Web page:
Two, the  much vaunted economic boom was essentially a debt-driven consumption spree, financed by short term capital inflows (she did not qualify how the Food Security Bill will compound this folly);

Three, profits went mostly to construction companies and the real estate sector (isn’t that where all the black money of political bigwigs in India is);

Four, this so called boom did not generate any new jobs and instead deepened the rich-poor gap;
Five, multinationals don’t create jobs;

Six, we need “real” democracy not hierarchical one which is immune to crass injustice, to name a few. So, assertions by the government that our fundamentals are strong are a blatant lie and a desperate attempt to fool the public. Not only are our economic fundamentals weak, they are being systematically weakened more. More alarming is Jayati’s prediction that we are sitting on a ticking time bomb; when the 15 million unemployed youth will hit urban centres. Isn’t that what the Maoist revolution is all about? Government’s policy makers may feel secure surrounded by ‘black cats’ but so did their counterparts in China before the ‘Great Leap’ in which millions were killed.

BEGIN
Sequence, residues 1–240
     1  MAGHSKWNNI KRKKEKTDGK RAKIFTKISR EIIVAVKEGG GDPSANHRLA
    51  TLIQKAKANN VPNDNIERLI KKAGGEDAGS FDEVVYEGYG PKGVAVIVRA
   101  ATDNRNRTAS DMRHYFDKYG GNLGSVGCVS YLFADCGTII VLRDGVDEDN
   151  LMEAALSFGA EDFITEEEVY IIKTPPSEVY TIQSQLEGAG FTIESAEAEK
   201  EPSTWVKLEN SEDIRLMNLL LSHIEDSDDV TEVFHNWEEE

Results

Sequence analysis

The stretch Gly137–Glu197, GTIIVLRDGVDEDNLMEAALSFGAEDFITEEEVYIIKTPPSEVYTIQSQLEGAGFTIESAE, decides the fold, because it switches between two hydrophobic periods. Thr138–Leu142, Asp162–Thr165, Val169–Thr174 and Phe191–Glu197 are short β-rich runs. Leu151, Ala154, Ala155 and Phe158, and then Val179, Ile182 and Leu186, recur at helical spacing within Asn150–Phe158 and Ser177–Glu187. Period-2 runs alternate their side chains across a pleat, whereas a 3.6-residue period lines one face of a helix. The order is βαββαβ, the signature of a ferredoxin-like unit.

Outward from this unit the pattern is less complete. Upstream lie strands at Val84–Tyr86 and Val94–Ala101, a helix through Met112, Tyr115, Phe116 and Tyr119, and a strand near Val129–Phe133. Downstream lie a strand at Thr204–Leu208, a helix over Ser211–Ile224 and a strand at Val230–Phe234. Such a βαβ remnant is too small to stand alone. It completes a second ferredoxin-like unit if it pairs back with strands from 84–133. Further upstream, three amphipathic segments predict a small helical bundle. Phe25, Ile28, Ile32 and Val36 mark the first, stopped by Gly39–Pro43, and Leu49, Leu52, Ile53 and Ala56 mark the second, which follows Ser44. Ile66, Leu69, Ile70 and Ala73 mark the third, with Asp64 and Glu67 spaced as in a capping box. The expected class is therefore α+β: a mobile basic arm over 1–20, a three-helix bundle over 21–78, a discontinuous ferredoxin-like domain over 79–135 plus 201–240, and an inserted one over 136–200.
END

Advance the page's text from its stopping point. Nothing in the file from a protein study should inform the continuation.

Mentioning the above in a publication like the Indian Defence Review may appear unwarranted to some but then this is intimately linked to national security. Insurgencies in India are already being exploited by China and Pakistan and why would they not? The slush that we are compounding internally is going to cost us very dearly. But the irony is that the slush that the government has created externally is even more putrid and the muck is already flowing across our borders. Why this double tragedy is being authored by our Faustian policy makers and where it will lead us is anybody’s guess.